The roadside presidential primary poll was as scientific _ and probably as accurate _ as any. Honk once if you're for Bush; two honks mean Buchanan.
The poll was the Tuesday morning brainchild of a clever New Hampshire radio station. The cold, windblown, but grinning pollster featured on Good Morning, America was the first to admit his poll didn't mean a thing.
What poll does?
Still, the results from U.S. Rep. Mike Bilirakis' recent mail-back poll are interesting to note. The congressman says 20,000 people responded. That is only 2.6 percent of the 759,792 people the 9th District, which includes most of Pasco County; but the kind of people who take the time to respond to written polls are the kind who work in campaigns and get out to vote. Their voices count.
The overriding concern in the Bilirakis poll is the same one I hear when I visit organizations across the North Suncoast: health care.
Rising health costs are the No. 1 problem facing women, the respondents said. In fact, the respondents said the cost of health came close to the top as the entire nation's biggest problem _ ahead of crime and drugs, education, international competition, environment, transportation and even excessive taxation.
How to fix the health care problem? Eighty-two percent opted either for national health care or a Canadian-type system, where each province has its own program.
Some Florida legislators aren't waiting for Congress to do something about health care. Two of them have filed bills to establish universal health care for everyone who has lived in Florida for at least six months.
Plan backers say it won't cost any more than current programs and won't increase taxes. A New Port Richey woman, Marilyn Shelt, is leading the local backers of House Bill 1 and Senate Bill 92, the health care bills, and she is convinced that the plan they propose will work.
I'm a skeptic. I had to admit to Ms. Shelt I have a hard time believing Florida can add 2.5-million people to its health care system and not raise taxes.
Ms. Shelt makes it sound simple. Medicare still will pay for people over 65. People making $20,000 a year or more will pay a monthly fee of $178 (that is less than many of us pay now). Finally, the state will have a one-payer system that will allow a big chunk of the money now used to administer multiple health care plans to pay, instead, for health care itself. That could be up to $7.7-billion a year in Florida alone, according to a Harvard University study.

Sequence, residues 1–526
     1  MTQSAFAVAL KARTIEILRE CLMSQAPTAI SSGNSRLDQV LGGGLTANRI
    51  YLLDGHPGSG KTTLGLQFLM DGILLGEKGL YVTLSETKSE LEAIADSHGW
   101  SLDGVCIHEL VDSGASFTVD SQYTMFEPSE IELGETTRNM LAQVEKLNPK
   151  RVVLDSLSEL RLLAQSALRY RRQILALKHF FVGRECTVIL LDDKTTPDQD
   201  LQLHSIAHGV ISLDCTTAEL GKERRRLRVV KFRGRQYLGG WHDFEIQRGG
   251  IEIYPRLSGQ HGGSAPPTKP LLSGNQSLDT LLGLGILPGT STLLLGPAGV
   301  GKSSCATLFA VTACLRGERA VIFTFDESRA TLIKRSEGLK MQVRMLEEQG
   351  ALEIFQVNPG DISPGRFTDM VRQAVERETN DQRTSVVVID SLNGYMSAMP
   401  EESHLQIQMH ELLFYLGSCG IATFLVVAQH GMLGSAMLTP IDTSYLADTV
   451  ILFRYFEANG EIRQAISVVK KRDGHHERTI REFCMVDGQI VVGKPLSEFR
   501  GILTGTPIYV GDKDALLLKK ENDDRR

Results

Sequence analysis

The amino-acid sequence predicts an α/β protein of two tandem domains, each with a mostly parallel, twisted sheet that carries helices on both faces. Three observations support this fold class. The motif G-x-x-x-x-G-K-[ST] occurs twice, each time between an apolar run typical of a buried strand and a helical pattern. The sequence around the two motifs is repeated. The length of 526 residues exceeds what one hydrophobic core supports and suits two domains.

This means the money paid to people who fill out insurance forms and figure out reasons why your illness isn't covered will be paid to doctors and hospitals that actually take care of people. Strangely enough, pencil-pushing positions are growing about three times as fast as the number of actual health-care providers.
Ms. Shelt is waging a grass-roots campaign. The literature she hands out looks homemade, and it is. The biggest thing in her favor is a passionate belief in her cause and an arm load of facts that appear to back up her claims.
The big fight is coming, of course, from the rich and powerful medical lobbies, including the insurance companies, plan administrators and supervisors, as well as medical professionals, who, quite naturally, fear for their jobs and levels of income.
What Marilyn Shelt needs are more people interested in pushing the Florida Legislature to pass a universal health care bill.
This is where Rep. Bilirakis' poll comes in.
If 82 percent of the 20,000 respondents favor some sort of universal health care, as Bilirakis reports, this means at least 16,400 people in this area may be willing to help Ms. Shelt push for HB1. Her telephone number is (813) 372-8812.
To be honest, HB1 may be too ambitious and idealistic to have a prayer in Tallahassee. But if anything is going to be done to help Florida's people get health care, it's going to take a clamor from thousands of little voices just like Marilyn Shelt's to overcome the big voices with the big money.
Admittedly, the Florida plan isn't the ultimate answer; in our mobile society, a national plan makes much more sense.
In the meantime, though, this could be one time when Florida can be out front with genuine action on an issue of universal concern.